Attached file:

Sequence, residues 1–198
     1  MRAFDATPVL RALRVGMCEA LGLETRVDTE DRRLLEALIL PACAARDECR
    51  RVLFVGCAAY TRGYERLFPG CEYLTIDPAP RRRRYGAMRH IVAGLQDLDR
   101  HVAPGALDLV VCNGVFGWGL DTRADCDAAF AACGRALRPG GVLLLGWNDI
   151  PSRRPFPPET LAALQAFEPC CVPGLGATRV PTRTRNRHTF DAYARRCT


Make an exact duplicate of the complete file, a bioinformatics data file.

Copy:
Sequence, residues 1–198
     1  MRAFDATPVL RALRVGMCEA LGLETRVDTE DRRLLEALIL PACAARDECR
    51  RVLFVGCAAY TRGYERLFPG CEYLTIDPAP RRRRYGAMRH IVAGLQDLDR
   101  HVAPGALDLV VCNGVFGWGL DTRADCDAAF AACGRALRPG GVLLLGWNDI
   151  PSRRPFPPET LAALQAFEPC CVPGLGATRV PTRTRNRHTF DAYARRCT